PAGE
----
“It’s Tough to Be a First”: Kayla Grey Is Changing the Conversation
Kayla Grey started out as a beat reporter in Manitoba and B.C., shooting and editing her own footage. Now she hosts The Shift, a buzzy new show on TSN. Here, she talks about hustling her way to the top, learning to give up control and how she turned a napkin doodle into her dream job.
I always wanted to work in sports. At a young age, growing up in Scarborough, Ont., I watched baseball games and wrestling with my grandparents. Whatever sport I was watching would make my heart beat so fast. I loved talking about the games, I loved debating about the players, I loved betting on my favourite teams. I went to the College of Sports Media in Toronto for a two-year program in radio and television sports broadcasting. To me, sports television was the greatest reality show in the world, and I wanted to be part of it. I thought I could bring a fresh perspective and help tell these stories in a way that resonated with people who looked like me.
After a few years paying my dues with reporting gigs in Manitoba and B.C., I joined TSN’s team as a radio producer in 2015. From there I got an opportunity to be an update anchor on TSN 1050, an all-sports talk-radio station in Toronto, focusing on the Leafs, the Jays, the Raptors and TFC. Every half-hour, I’d announce the scores and talk about the big sports headlines of the day—and then the minute would run out and that was that.
In 2017, I asked TSN’s live-events producer if I could do sideline reporting during BioSteel’s All Canadian basketball games, which showcase the best high school basketball players across the country. And I got a yes! It was my first TV gig with TSN. But it was short-lived: The broadcast only lasted two quarters because one of the trucks had a power outage. It just went dark. And that’s how my first television appearance ended—with a blackout.
I kept hustling, getting comfortable with the sports-TV industry at live events, where I reported from the sidelines, rinkside or even from the commentary booth. The name of my game was to show up incredibly prepared, and I built a lot of relationships. These especially helped me in smaller markets, where I didn’t know what was what. During this time, I developed my onscreen style. I pride myself on delivering the news the way I would regularly chat in person. A story has to be accessible to make the most impact.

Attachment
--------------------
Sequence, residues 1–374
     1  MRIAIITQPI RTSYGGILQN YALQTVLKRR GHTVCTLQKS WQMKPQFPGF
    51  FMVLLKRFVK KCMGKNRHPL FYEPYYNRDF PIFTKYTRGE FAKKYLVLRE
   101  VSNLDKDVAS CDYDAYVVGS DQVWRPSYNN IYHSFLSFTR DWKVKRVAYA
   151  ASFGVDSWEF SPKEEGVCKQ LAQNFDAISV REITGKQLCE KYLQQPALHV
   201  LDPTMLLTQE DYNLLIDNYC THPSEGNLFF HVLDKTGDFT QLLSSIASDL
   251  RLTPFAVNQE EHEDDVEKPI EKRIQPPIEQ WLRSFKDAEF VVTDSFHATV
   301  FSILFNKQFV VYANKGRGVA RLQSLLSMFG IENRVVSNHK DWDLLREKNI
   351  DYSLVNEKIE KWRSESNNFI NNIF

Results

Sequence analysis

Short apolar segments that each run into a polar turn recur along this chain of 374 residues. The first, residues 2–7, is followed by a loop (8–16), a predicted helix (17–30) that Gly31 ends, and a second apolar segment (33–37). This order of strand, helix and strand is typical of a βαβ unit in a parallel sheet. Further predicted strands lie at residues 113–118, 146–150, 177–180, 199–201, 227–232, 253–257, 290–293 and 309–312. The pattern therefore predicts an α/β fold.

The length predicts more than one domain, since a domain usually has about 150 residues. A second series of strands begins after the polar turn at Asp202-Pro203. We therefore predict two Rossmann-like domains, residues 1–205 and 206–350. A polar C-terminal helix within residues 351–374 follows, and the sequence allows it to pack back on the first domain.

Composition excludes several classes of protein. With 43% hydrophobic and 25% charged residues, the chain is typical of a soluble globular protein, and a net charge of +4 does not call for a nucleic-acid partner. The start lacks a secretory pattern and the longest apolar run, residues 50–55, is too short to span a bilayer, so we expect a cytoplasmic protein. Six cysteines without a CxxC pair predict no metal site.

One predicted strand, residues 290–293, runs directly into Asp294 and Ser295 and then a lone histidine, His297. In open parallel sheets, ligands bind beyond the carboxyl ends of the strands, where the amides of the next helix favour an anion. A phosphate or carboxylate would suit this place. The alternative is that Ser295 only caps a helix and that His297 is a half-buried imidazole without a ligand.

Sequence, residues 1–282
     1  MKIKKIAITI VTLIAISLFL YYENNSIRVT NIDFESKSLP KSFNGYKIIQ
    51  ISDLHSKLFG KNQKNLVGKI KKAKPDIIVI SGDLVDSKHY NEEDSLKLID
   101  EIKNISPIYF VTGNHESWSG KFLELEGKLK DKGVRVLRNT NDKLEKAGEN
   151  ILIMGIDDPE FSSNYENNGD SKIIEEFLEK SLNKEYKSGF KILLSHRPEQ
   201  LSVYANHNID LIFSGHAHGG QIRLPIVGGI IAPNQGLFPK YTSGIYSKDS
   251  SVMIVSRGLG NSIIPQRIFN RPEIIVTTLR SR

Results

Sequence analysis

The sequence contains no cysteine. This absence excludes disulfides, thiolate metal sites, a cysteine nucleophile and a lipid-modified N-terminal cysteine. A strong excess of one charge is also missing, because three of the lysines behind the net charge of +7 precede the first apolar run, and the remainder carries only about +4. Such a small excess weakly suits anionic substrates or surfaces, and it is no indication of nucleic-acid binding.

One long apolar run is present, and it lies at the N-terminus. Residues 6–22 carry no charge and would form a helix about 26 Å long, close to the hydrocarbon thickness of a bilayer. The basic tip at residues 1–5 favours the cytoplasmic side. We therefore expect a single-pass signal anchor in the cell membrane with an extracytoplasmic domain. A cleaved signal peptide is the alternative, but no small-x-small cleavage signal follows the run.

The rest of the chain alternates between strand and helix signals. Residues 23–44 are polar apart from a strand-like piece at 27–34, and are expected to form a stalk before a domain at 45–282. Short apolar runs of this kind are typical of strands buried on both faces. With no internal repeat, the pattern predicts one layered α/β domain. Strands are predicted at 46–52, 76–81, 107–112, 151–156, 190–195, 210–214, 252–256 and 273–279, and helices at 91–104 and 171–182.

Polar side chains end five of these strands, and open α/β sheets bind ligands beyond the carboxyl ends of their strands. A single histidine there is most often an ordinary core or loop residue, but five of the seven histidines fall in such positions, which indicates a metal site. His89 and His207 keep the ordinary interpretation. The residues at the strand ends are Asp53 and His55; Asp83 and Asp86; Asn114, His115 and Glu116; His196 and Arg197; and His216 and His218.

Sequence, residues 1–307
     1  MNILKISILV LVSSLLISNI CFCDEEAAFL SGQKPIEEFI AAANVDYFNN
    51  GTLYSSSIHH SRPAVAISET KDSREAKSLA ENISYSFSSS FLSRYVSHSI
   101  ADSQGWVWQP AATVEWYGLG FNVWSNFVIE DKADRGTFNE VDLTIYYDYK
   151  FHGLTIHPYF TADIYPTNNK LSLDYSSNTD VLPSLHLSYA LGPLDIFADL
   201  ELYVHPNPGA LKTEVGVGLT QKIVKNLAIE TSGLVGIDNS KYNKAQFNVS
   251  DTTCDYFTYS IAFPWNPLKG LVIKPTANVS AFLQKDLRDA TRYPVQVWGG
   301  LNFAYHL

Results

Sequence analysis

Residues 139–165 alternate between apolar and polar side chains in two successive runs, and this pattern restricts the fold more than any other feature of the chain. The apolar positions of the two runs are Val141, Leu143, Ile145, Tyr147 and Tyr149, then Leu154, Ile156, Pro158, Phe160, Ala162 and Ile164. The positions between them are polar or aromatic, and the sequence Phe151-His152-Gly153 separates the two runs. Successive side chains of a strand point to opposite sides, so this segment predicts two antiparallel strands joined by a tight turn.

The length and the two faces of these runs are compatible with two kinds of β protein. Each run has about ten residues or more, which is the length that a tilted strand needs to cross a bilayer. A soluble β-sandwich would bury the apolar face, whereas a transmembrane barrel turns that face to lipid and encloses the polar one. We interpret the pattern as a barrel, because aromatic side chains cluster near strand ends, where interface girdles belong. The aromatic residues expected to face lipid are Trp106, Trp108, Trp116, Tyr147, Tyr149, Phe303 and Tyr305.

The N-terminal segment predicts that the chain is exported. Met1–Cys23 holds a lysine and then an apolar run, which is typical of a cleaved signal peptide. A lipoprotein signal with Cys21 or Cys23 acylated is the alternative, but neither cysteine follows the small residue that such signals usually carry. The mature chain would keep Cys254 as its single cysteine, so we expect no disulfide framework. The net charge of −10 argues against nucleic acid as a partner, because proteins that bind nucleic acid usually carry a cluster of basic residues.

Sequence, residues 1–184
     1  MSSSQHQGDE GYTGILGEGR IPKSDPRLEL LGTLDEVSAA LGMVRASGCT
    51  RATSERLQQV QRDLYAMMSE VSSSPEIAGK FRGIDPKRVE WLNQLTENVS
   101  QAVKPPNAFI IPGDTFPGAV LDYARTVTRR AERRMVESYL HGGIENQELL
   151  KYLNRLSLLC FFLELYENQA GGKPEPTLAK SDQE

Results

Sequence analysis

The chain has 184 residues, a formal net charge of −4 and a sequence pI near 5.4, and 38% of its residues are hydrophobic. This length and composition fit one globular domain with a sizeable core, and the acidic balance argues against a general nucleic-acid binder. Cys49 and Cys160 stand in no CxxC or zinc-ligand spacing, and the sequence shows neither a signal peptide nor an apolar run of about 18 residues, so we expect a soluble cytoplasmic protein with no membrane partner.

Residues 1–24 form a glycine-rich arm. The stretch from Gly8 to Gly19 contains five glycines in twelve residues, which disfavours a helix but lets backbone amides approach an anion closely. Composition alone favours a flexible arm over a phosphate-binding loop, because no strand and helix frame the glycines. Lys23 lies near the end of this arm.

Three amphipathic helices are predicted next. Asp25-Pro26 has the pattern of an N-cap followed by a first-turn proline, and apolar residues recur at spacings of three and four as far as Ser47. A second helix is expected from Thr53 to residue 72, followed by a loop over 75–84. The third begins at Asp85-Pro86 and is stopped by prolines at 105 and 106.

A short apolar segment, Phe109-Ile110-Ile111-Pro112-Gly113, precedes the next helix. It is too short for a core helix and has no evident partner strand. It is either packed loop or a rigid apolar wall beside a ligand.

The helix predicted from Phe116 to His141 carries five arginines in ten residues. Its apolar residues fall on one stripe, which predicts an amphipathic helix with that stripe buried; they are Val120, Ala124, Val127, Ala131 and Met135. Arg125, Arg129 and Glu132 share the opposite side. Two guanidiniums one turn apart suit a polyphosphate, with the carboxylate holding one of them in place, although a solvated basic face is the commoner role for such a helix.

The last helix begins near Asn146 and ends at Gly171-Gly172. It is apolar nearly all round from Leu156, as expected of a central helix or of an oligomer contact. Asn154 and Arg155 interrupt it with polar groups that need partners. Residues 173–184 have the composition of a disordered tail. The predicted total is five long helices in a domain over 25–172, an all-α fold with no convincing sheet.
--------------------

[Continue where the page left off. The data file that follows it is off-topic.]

I said to myself: ‘Kayla, girl, if there is any spark in you, you better find it right now. Do not let anybody see you sweat
A couple of years later, the managers at TSN suggested I audition for SportsCentre, and in January 2018 I debuted as an anchor. I am the first Black woman to ever host a flagship sports-highlight show in Canada. But I didn’t even want to talk about being a “first” that day. I didn’t want people to think that was the only reason I was there. I braced myself for the fallout, and it came—there were people using the N-word on Twitter. I remember sitting at my anchor desk, and the countdown to air was in my ear. I said to myself: “Kayla, girl, if there is any spark in you, you better find it right now. You’re going to find some confidence in this moment of uncertainty. Do not let anybody see you sweat.”
The idea for my new TSN show, The Shift, began because I needed a release from the heaviness of summer 2020 and the discourse around racial justice. We were having those conversations in our everyday life and on television too, and it stayed with me long after the segments were done. So I said to myself, “Okay, don’t talk about it. Be about it.” And I started jotting down ideas for the kind of show I wanted to host. I’m not even kidding—I wrote my first segment ideas on a shredded napkin. I was imagining a show that didn’t shy away from anything. I wanted to make sure we didn’t feel muzzled or confined and that we could just exist.
It took courage to go from doodling my ideas on a shredded napkin to pitching them—and that’s where the show actually started to take shape. I brought the idea to the TSN brand-partnerships team, who believed in it and worked their tails off to make it happen. In the process, I had to really flip my perspective and ask, “Why not me? Why not that show?” Ken Wong, an executive producer, helped bring this conversation to the bosses. With a little luck, it all came together.
The Shift, which premiered in May, is a mix of news, short features, panel discussions and interviews with athletes, musical artists and actors. We’re talking about all things sports and entertainment and breaking down the biggest headlines of the day in new ways. It’s the kind of conversation you’d be having in your group chat. It’s tough to be a first. I’m aware that viewers might make decisions about people who look like me based on how I perform, and that creates a lot of pressure. But I’m also learning that I have to shed some of that weight. I don’t have control over everything, and that’s okay. There’s an easy part to all this too, which is that I love what I do. I’ve heard from so many viewers that when they watch The Shift, they feel seen. That never gets old.